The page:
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Container shipping 2021: Hangover or party on?

There could be a hard landing when container boom finally ends

Is container-shipping party just getting started? (Photo: Flickr/Eric McGregor)

As 2020 draws to a close, the world’s container-shipping network is bursting at the seams. The Shanghai Containerized Freight Index jumped again last week, to another all-time high. There’s market chatter of all-in Asia-West Coast rates (including premiums) of over $8,000 per forty-foot equivalent unit (FEU) and Asia-East Coast rates of $10,000 per FEU.

The Container xChange box-equipment availability index is down to its second-lowest point ever. And there are still around 20 container ships sitting at anchor in San Pedro Bay, waiting for berths in Los Angeles and Long Beach.

The pivotal question for 2021 is: Will this import boom leave buyers with excess inventory? Have they been “borrowing” transport demand from the future? Is container shipping due for a hangover or is the party just getting started?

Common pattern in ocean shipping

The binge-now-pay-later pattern is commonplace in ocean shipping. Cargo shippers often transport cargoes and stockpile them well before they’re consumed, leading to transport-demand spikes followed by slumps.

Tanker shipping is just the latest example. Spot rates reached astronomical levels in the first half as shippers put crude and refined products into floating storage. Rates are now at or below breakeven because refiners have yet to consume all that stored oil.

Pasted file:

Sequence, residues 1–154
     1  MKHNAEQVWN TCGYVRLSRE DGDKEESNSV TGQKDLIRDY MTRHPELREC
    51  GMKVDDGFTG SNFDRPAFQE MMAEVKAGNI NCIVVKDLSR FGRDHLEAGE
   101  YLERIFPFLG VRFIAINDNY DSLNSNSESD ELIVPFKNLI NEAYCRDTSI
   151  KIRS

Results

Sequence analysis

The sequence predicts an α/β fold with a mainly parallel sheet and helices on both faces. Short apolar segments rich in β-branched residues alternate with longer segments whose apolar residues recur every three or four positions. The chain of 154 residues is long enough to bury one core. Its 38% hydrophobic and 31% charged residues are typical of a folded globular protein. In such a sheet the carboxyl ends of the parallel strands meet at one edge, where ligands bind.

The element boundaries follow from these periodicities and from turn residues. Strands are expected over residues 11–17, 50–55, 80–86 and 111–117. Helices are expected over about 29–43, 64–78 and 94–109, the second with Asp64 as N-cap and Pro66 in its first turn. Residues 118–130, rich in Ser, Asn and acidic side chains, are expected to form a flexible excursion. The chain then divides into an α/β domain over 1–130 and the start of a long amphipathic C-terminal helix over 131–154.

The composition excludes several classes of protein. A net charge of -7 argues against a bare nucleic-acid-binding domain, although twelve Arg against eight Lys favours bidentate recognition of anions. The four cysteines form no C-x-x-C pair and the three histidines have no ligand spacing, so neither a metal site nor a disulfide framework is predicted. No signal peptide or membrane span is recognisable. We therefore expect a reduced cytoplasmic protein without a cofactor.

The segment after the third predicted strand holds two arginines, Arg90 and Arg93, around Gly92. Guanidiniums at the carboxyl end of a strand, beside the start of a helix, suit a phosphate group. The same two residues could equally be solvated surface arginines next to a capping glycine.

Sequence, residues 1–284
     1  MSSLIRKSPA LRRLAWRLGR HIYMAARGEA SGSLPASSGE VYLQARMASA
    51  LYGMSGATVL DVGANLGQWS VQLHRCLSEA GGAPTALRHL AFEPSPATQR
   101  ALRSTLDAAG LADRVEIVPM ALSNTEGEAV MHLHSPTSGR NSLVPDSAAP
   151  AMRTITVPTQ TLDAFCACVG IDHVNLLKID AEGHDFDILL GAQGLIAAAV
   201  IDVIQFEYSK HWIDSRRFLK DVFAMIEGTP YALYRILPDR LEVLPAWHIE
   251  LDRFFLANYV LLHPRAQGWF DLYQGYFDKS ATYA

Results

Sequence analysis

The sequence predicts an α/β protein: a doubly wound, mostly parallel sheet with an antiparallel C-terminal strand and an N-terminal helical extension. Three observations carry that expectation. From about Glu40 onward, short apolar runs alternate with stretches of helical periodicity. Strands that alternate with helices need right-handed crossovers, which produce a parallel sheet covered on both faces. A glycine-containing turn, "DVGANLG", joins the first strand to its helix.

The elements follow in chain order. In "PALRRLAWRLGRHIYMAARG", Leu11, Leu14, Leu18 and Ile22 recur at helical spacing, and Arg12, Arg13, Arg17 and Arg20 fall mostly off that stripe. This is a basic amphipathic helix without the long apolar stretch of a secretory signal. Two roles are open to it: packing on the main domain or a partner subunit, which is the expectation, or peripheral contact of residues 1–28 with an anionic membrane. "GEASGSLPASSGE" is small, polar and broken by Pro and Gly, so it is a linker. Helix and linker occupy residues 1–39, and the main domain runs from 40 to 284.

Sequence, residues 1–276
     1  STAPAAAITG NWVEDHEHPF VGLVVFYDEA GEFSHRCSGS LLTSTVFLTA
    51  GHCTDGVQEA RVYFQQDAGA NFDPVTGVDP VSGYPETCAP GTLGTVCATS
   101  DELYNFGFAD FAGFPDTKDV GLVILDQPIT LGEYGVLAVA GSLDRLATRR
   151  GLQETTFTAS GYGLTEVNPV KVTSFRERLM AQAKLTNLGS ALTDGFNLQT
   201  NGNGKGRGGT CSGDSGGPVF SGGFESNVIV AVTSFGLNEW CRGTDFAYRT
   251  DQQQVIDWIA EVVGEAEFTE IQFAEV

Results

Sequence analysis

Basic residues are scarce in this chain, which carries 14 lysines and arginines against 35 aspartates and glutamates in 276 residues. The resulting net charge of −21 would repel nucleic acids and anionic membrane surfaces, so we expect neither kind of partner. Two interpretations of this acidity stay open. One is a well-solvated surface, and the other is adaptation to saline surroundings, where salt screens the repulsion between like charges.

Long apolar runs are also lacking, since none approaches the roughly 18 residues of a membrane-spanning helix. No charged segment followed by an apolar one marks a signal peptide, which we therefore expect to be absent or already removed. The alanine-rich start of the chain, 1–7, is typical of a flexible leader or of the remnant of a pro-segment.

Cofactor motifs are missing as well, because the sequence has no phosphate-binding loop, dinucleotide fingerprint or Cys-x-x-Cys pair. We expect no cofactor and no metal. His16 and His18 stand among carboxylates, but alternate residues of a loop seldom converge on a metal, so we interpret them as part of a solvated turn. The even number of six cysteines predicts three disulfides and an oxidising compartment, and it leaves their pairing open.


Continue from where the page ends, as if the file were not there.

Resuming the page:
As Jefferies shipping analyst Randy Giveans previously told American Shipper: “Obviously the surge in tanker rates in March and April was great for profitability. But a lot of that was pulled-forward demand.”

tanker rate index
(Chart: Clarksons Platou Securities. Chart data: Clarkson Research Services, Clarksons Platou Securities. Red lines added by American Shipper to show 2020 tanker rate highs and lows)

Container shipping experienced a similar scenario two years ago. U.S. importers rushed to beat Trump administration tariff deadlines and front-loaded their imports. As a result, Asia-West Coast rates tracked by Drewry (SONAR: WCI.SHALAX) rose sharply in the second half of 2018 and fell hard in 2019.

container shipping rate index

Paul Bingham, director of transportation consulting at IHS Markit (NYSE: INFO) recounted, “The irony of what happened in 2018 is that the tariffs acted as an external stimulus to the freight industry, because it brought forward some of the 2019 freight movements. In 2019, we got the payback.”

Import demand hangover in 2021?

Opinions diverge on whether the current container boom will suffer the same fate next year. On the bearish side, both Sea-Intelligence and Panjiva raised red flags on Monday.

“It is clear that there is a mismatch between container volume growth and total sales,” warned Sea-Intelligence CEO Alan Murphy.

He pointed out that total sales rose 2.2% year-on-year in October but U.S. container imports were up 20.4%.

Is container shipping due for hangover? (Photo: Flickr/Jesse1dog)

Murphy foresees “a distinct likelihood that the ongoing cargo boom supports a large inventory buildup, bringing inventory levels significantly above pre-pandemic levels.” He cautioned that this “would imply that at some point in 2021, we are due for an inventory correction.”